In the final part of his three-part series on innovation in Australia, Mark Dodgson argues for the importance of innovation in creating a prosperous society. He contrasts the success of countries which have embraced innovation with the stagnation of those which have not. After describing the influence of Australia’s colonial past, and efforts in recent decades to bring forth change, this week Mark Dodgson presents his simple recipe for government, business and education, to create a nation with a prosperous future.
Tagged with “invention” (21)
Innovation in Australia part 3 of 3 - getting to where we want to be - The Science Show - ABC Radio National (Australian Broadcasting Corporation)
Innovation in Australia part 2 of 3 - recent times - The Science Show - ABC Radio National (Australian Broadcasting Corporation)
Mark Dodgson continues his look at innovation in Australia. We hear about Australian inventor Arthur Bishop (1917–2006), described as a modern-day Leonardo da Vinci. He took on the world car industry with his new steering mechanism. Politician John Button sought to modernise Australia’s backward approach to industry in the 1980s, and the CSIRO, bruised and battered at the turn of the century survives as it transforms itself making its research more market-focussed. This week it launched its latest flagship, concentrating on digital communications.
Innovation in Australia part 1 of 3 - early beginnings - The Science Show - ABC Radio National (Australian Broadcasting Corporation)
Australia in the years following European settlement was so markedly different from today. So much that we take for granted in food production, medicine, communications transport and much else had not been developed. The early settlers’ approach to innovation was shackled by a colonial dependence on imported technology and a focus on individuals rather than any collective endeavour. Despite this, Australia had its inventors tinkering and making great strides, some of which were at the forefront of the world’s developing technologies. What was their secret? What needs to happen now? And why have Australians not heard of Henry Sutton, described by Professor Mark Dodgson, presenter of this series, as possibly one of the greatest inventors in history?
10 Accidental Inventions: By the Numbers — Every once in a while Chuck and Josh do things by the numbers and here’s a good example. Turns out a surprising amount of ubiquitous items in our everyday lives were stumbled upon by accident. This episode explores a few of the more noteworthy ones.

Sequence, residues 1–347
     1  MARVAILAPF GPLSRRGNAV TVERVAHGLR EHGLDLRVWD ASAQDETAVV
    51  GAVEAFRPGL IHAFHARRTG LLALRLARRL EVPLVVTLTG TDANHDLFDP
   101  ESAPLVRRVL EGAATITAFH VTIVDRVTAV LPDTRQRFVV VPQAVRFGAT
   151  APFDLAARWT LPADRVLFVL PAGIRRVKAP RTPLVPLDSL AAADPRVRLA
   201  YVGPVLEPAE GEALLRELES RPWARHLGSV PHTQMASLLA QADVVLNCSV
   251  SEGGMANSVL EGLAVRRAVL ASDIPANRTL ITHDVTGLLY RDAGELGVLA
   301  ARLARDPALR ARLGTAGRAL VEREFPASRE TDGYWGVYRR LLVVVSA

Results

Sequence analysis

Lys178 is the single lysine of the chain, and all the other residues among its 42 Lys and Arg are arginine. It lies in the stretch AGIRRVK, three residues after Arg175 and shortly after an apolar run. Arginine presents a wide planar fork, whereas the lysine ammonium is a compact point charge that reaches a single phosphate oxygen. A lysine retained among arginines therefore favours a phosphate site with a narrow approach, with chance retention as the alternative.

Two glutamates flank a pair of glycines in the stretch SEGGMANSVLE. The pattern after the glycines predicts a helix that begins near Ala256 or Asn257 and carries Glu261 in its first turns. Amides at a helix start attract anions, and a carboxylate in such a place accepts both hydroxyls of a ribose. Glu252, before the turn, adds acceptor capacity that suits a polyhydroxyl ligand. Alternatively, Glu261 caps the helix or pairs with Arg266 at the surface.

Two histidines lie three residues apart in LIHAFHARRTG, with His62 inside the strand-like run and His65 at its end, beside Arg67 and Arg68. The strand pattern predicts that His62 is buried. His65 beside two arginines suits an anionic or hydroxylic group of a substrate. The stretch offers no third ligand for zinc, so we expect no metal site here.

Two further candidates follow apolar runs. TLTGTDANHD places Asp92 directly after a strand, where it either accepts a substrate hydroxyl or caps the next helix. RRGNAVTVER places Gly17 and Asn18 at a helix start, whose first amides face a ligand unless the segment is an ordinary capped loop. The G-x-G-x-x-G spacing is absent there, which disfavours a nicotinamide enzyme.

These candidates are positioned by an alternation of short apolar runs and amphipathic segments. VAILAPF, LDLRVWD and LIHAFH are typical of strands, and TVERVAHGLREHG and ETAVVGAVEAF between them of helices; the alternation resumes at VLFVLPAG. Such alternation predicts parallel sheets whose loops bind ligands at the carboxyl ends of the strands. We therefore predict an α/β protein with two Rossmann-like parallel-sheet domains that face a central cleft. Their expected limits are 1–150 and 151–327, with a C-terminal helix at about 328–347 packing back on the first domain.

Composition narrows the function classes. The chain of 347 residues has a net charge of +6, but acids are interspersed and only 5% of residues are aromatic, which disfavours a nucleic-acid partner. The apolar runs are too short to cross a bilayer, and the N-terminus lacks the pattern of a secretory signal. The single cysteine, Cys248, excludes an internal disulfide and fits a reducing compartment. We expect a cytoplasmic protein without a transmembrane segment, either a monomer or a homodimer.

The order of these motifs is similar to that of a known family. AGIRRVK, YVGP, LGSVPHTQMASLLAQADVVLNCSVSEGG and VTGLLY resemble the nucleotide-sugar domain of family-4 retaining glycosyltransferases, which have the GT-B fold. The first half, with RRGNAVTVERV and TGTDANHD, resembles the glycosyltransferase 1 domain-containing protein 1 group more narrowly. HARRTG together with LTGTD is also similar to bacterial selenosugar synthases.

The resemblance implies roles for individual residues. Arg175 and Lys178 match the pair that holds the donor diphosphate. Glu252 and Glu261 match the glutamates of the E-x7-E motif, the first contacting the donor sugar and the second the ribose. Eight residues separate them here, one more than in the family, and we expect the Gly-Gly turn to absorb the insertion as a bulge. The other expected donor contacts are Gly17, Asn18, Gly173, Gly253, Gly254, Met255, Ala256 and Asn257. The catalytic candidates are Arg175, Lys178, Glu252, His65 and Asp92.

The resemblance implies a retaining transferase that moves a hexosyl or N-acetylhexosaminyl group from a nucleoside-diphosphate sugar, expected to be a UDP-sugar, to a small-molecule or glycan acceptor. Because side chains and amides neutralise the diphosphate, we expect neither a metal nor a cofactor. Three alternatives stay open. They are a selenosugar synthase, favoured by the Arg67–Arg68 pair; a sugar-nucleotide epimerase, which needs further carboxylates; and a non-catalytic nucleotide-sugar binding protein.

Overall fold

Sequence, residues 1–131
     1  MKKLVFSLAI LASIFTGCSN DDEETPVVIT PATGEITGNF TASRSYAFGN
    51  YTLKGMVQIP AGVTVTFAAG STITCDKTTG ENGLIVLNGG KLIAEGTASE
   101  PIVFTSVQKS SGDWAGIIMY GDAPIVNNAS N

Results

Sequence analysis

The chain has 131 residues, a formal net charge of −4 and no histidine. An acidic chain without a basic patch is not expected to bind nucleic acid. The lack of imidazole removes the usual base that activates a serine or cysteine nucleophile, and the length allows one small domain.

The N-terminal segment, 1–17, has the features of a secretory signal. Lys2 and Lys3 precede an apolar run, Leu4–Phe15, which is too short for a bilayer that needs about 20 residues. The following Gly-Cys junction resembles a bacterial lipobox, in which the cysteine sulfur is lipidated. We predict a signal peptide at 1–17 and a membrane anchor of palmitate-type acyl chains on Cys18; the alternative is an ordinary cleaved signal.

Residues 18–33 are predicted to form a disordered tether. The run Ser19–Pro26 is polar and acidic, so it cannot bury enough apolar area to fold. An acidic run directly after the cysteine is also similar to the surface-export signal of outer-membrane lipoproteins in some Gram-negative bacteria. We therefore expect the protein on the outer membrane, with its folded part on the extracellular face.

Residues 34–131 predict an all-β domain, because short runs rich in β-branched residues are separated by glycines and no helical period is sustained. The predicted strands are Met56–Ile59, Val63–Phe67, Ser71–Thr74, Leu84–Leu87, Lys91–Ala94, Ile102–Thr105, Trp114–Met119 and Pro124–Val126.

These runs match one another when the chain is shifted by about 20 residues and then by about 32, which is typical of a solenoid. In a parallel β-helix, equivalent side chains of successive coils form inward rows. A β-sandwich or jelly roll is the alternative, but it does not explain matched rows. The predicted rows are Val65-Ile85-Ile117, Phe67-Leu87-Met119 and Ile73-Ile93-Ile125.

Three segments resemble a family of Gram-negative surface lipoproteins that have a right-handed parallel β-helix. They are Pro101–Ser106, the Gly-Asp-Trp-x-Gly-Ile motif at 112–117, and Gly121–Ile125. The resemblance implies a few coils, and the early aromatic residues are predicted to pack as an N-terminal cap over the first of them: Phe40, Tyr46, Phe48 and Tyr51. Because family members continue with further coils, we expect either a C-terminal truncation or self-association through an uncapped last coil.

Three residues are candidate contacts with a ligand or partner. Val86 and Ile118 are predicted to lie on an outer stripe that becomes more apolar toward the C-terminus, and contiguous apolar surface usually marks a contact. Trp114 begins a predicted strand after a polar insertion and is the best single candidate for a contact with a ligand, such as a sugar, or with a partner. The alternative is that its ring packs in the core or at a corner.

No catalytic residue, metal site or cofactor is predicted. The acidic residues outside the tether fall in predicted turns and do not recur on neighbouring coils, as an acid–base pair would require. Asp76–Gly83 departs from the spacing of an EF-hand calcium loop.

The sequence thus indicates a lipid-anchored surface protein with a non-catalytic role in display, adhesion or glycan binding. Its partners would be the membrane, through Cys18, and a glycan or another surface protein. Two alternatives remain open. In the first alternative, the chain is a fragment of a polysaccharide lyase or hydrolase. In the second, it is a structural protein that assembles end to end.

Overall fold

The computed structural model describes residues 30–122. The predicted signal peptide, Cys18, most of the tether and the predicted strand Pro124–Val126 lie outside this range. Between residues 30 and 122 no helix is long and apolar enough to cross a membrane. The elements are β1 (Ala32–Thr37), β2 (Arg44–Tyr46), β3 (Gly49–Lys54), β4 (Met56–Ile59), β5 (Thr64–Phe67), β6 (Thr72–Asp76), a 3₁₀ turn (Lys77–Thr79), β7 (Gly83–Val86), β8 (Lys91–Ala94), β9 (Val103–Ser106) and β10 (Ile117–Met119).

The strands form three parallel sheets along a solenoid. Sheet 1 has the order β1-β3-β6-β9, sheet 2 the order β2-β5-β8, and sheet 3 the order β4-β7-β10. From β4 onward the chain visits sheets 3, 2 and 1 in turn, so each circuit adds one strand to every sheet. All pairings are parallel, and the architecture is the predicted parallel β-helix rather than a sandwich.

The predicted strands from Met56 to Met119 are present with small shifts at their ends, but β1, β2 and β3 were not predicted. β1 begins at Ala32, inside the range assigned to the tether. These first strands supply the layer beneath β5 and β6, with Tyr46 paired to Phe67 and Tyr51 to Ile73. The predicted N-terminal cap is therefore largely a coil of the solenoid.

One of the biggest actresses of MGM’s Golden Age, also lived a quiet life as an inventor. During World War II, Hedy Lamarr invented a form of wireless communication that led to Bluetooth, GPS and more.
Paul Fenwick takes us through a humorous journey of bad inventions from bygone eras. They are cautionary tales with a plea for inventors not to screw up. He talks about asthma cigarettes, cocaine toothache drops for children, the Tempest prognosticator, and blood fueled devices. In the world of bad inventions, toys take center stage, with Cabbage Patch Doll "snack-time kid" which grinds its plastic food into dust along with other unintended food.
Paul Fenwick’s cautionary tale about bad inventions is a humorous talk on how things can go terribly wrong if inventors screw up because they didn’t carefully think their way through the development and marketing of new inventions. Paul discusses asthma cigarettes, cocaine toothache drops for children, the Tempest Prognosticator, the use of leeches, and blood fuel devices as examples of poorly thought out inventions.
In the field of bad inventions, toys take center stage, as Paul explores Cabbage Patch "snack time kid" and the unintended consequences produced by this poorly thought out toy. Various forms of melty beads are looked at. Hear tales of the Atomic Energy Lab, which contained uranium ore and a comic book on how to split the atom.
Non-toy inventions such as a fire alarm trap to catch pranksters, a fresh air breathing device in case of smoke, as well as the 20 million dollar "acoustic kitty", all terible inventions based on good ideas. He wraps up with his talk on terrible inventions with his own invention that helps people to be more productive while driving their cars.
Learn how to License Your Toy Invention with Mary Ellroy Toy Inventor and Agent | Ideas Uploaded Inventing Inventor Invention Blog
Mary Ellroy a Toy inventor and agent offers some great advice on how to license your toy invention
How Toy Inventors Kurt Marquart and Elaine de la Mata Licensed Squaredy Cats (Podcast) | Ideas Uploaded Inventing Inventor Invention Blog
In this podcast toy Inventors and Illustrators Elaine and Kurt from Monkeydoodledandy.com talk about licensing their characters Squaredy Cats
In this podcast Jim DeBetta an inventor coach and entrepreneur, shares some of his knowledge of helping inventors take an idea from a sketch, to a retail ready product.
Interview with Inventor Roger Brown who gets his Ideas Licensed by Spending Less than $100 | Ideas Uploaded Inventing Blog
In this podcast Roger Brown a successful inventor explains that using his process you can get ideas licensed by spending less than 100 dollars
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